Kasey Jones: What's your advice for how you do that preparation? Because I think that's where a lot of reps struggle, is they quickly look at LinkedIn and nothing else. So what else would you do?
Niko Hughes: If you're an individual contributor, if you're an SDR doing a discovery call, or if you're an AE who is on a demo, working with your sales director, sales manager as a team build solid buyer personas and battle cards, objection handling tips so that you have information to prepare you for whatever comes at you. That might be a team effort, you need to sit down with your guys to work on. But as far as doing some pre call research, a lot of things you can find online. You can spend some time looking at their Linkedin, looking at how they talk about themselves on Twitter, doing just some research on using tools like Datanyze or other things that are available. Siftery to figure out what other technologies that they use so you know what their tech sack is, how they're building things out, and how your fits in there.
Kasey Jones: The one caveat I will give to this is [00:42:00] I think all of the research you can do from a professional standpoint is critical. I've seen a couple of reps get into trouble, and I think this is especially true when your prospect is a woman, because a lot of women have more security concerns. Don't bring up personal things.
So if you find their Facebook page don't mention the family vacation they went on a couple weeks ago, or really personal things. If it's on their LinkedIn great, but if you find their Facebook or Instagram I probably wouldn't mention that on a call because that can come across as creepy. I actually know a woman who was in the midst of a deal and a sales rep mentioned a bunch of things about pics from her family vacation. And she was horrified and refused to work with that person. So tread lightly there.
Anthony Hughes: I would say anything that you can.. You take this information and all of this data that you're inputting into your sales call, but there has to be a level of processing that to make it relatable, right?
Kasey Jones: Yeah, good point.
Anthony Hughes: You're talking to a human on the other side of that phone, or the other side of that speed chat. I might try to make a human connection, right? For example if I'm trying to sell to Wendy, just because I'm on her LinkedIn, I'd just probably start off the call with. You went to school for biomedical engineering, how the heck did you get into sales?" [laughter] But bringing that human connection into the sales process, that's what you can't do when you don't do any research. You can't do that. I'll just get on this call and wing it.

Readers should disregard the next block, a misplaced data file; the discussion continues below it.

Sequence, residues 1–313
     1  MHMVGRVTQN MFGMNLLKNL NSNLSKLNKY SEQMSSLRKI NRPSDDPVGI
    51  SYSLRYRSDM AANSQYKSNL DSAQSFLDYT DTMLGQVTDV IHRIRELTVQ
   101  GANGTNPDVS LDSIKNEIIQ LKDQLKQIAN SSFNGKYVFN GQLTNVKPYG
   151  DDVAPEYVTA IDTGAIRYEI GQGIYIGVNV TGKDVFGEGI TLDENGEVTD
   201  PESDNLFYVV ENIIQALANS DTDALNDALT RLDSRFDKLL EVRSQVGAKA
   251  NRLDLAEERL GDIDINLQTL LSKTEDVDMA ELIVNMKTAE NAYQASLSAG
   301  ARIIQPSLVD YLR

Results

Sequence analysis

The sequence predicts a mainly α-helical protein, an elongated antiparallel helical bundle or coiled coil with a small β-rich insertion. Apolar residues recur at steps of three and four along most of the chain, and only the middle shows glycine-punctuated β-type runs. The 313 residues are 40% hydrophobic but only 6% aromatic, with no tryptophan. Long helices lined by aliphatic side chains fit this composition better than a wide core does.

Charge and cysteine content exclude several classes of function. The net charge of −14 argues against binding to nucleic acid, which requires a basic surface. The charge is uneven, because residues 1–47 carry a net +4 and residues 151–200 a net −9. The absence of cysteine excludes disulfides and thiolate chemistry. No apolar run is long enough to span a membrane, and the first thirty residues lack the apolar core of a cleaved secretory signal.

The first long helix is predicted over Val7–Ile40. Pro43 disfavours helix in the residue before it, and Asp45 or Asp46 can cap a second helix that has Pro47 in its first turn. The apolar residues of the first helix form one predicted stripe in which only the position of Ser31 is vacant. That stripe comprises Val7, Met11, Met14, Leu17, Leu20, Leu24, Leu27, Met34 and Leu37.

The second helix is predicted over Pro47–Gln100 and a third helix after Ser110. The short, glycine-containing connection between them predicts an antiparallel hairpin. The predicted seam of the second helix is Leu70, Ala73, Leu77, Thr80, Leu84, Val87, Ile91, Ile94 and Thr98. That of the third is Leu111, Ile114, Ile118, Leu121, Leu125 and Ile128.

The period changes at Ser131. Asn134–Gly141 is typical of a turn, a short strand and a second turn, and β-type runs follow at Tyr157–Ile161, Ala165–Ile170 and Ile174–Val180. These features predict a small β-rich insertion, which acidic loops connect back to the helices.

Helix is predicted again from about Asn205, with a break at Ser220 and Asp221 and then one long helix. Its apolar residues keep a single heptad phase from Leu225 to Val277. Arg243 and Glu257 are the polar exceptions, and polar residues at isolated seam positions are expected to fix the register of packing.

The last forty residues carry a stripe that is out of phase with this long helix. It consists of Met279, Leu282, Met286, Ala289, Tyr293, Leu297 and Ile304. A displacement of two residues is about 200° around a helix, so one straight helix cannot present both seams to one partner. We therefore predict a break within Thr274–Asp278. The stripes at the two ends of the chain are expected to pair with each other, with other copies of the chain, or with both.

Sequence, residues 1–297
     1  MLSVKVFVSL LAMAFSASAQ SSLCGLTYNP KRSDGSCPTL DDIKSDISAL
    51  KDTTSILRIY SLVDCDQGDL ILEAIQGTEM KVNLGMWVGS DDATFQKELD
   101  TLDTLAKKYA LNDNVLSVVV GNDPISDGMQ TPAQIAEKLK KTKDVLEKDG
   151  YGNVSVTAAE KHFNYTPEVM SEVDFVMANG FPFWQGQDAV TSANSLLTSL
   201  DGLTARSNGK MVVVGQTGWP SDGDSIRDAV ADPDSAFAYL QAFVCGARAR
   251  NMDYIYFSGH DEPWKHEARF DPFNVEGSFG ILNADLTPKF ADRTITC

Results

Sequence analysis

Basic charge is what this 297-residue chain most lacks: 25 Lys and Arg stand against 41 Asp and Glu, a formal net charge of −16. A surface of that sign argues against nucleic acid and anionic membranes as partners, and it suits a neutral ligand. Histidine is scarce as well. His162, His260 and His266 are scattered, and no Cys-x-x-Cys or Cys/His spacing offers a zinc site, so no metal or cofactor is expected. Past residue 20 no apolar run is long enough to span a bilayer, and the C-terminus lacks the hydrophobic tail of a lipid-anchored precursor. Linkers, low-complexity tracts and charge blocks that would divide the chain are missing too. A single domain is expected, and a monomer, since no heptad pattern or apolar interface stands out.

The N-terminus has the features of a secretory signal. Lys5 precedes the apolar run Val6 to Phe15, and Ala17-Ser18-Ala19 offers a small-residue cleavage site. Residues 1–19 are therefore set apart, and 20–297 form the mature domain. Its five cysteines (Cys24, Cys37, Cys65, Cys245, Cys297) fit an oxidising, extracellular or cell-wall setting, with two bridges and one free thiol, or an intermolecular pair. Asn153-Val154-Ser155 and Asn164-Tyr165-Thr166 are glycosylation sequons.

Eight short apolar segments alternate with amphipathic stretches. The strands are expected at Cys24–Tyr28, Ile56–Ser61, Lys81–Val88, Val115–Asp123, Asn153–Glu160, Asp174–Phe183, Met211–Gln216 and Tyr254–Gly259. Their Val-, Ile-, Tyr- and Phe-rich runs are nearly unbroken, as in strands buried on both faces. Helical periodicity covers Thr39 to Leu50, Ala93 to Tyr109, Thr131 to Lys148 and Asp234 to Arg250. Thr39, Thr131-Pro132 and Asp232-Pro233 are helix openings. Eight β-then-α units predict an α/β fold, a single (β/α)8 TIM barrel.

Look. We are people [laughter] selling to people. Right? People love connection. They love to be able to talk openly "This is what I'm trying to sell for." "Oh man that's cool. Maybe we can help, I don't know but maybe."
And this is another thing as well that I have found success with, is "Hey look, we don't do that but one of my competitors does." Maybe we aren't even friends, I'll just make an intro for you because for one that opens up reciprocity, right? Like I did something for you so maybe five years from now when you're thinking about a new company or you have to solve for something that we do, maybe you can like "Hey you did this for me based on my problem, let me give back to you." So reciprocity a little bit. And just when you're open have a real relationship, real conversation with your prospect. You can't do that stuff when you shoot from the hip.
Kasey Jones: It comes back around always, the giving first model. I'm a big advocate for this on the marketing side, and you'll see this all the time, where companies don't want to give out free information because they think that people won't engage with them if they give too much away. No no no, that builds trust and it builds a relationship and then people want to come back. I think there's a huge downfall where when things aren't going well teams seem to think "Oh, I just need a smarter software tool. Or I need to employ the craziest growth hack." Or whatever. No, you just need to actually be more of a human. That's usually the thing that is going to get you to that next level.
Anthony Hughes: Yeah. I want to hit on a couple things. Yoni, sorry if I say your name wrong, but he's brought up a couple questions on [00:46:00] how much research we recommend per prospect, and how much time to spend on. Also before he mentioned quality of outreach versus quantity.
One thing I like to recommend, and our methodology that we use with our.. [laughter] nice. With our clients, we break things down into tiers. So we have A list accounts that we go after, B lists, and C lists. So A lists, we'll spend a good amount of time researching them whether that's 25 logos we want to win this quarter or this year. We'll do more personalization there, spend a couple minutes sending out that email, spend some time trying to figure out a nice personalized gift to send them, handwritten letters. As you move down to the B list, we're doing more persona based personalization. So you know, these types of things resonate with VPs of digital, so we're not spending that much time per individual.